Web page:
The T&T Football Association (TTFA) is on the verge of another lawsuit if monies owed to former national coach, assistant coach, youth development officer and technical director Anton Corneal for salaries are not paid soon.
Corneal held the positions of Under-17 coach and youth development officer between 2004-2006; was youth development officer and assistant coach to German coach Otto Pfister for the period 2009- 2011 and was technical director of local football from 2012 up until he resigned in 2014 which was because of non-payment of salaries.
He told the Guardian yesterday his decision to pursue legal action was something that he has to do if he is to receive payment for work he did. “I will not be going behind the football association begging for monies that are rightfully owed to me and therefore I will do what I have to do” Corneal said.
Apart from salaries, Corneal who is the son of former national footballer, coach, technical and now sports commentator and FIFA analyst Alvin Corneal, is also attempting to recover other entitlements that were agreed to be paid in his contract. He explained his contribution to local football goes beyond salaries he worked for and included paying off minor expenses for his employers with an expectation that he will be re-imbursed.
“About two and a half years ago, the TT team went to Miami to face Canada and the association had no money to pay stipends to the players and I had to dip into my pocket to pay the stipends. “It amounted to approximately $20,000 but I did it because I wanted to see the football progress” Corneal, the youngest T&T senior team player in history, explained.
Taking court action was expected to be his last option, he said, he tried his best to settle the matter through communication, however, my situation has took a different twist after seeing that other coaches, who were employed after him are now being paid before him.
Corneal, who made his senior national team debut at the age 16, said: “This tells me that I was being, either ignored or that the association just did not care about me. It seemed to me that only way to get your money from the association was by taking them to court.”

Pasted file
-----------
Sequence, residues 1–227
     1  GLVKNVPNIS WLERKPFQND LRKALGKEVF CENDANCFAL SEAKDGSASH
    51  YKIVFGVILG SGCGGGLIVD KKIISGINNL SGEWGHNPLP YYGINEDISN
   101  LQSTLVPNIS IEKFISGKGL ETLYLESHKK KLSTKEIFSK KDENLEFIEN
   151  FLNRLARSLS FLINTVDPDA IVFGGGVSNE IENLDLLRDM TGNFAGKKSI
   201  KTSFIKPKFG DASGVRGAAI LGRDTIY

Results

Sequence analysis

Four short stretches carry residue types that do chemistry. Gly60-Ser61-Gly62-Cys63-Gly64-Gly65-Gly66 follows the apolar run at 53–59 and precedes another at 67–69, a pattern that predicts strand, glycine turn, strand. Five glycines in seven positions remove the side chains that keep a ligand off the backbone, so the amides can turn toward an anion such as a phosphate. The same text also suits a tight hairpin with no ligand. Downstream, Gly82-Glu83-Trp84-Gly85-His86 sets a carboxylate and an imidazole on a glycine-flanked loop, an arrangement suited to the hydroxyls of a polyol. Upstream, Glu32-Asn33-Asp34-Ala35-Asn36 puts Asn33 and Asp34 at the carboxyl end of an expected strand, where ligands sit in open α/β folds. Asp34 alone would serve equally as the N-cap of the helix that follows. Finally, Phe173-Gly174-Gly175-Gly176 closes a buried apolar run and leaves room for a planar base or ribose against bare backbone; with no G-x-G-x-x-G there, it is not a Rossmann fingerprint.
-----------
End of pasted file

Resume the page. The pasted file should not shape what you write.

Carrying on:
Of the coaches who benefitted financially from their work through the court, was former midfield maestro Russell Latapy and recently Dutchman Whelmut ‘Wim’ Rijsbergen, who will be paid after the court ordered that former president of the TTFF Oliver Camps, to sell one of his properties to pay him.
And only last year a number of players who took the football association to court over monies owed to them from the 2006 World Cup campaign, were paid by the People’s Partnership government.
Corneal, a qualified FIFA coach and lecturer, said while he was very happy for Latapy and the other coaches, he sees this practice as highly unethical, saying it was now time that the football association, which is being lead by David John-Williams, honour its agreement to pay him soon.
Though now gainfully employed as a FIFA Technical Development Officer for the Southeast Caribbean, his life under the TTFA took a downward turn, as he had to endure periods of stress which had placed mental, emotional and psychological strain on him and his family after going many months and years without pay.
“Can you imagine what it is like to be living in hope?...I worked almost everyday with a hope that football association officials would approach me to say they had my salary for me, but it just never happened” he said.
The only payment he received was in 2012 when the Ministry of Sport and its minister Anil Roberts paid him half his salary for eight months.
As the FIFA technical development officer, Corneal, a former Fatima student and the youngest player to score a hattrick in senior national colours in 1980, is responsible for ensuring that the development programmes of all the islands in the southeast Caribbean, fall in line with that of football’s world governing body.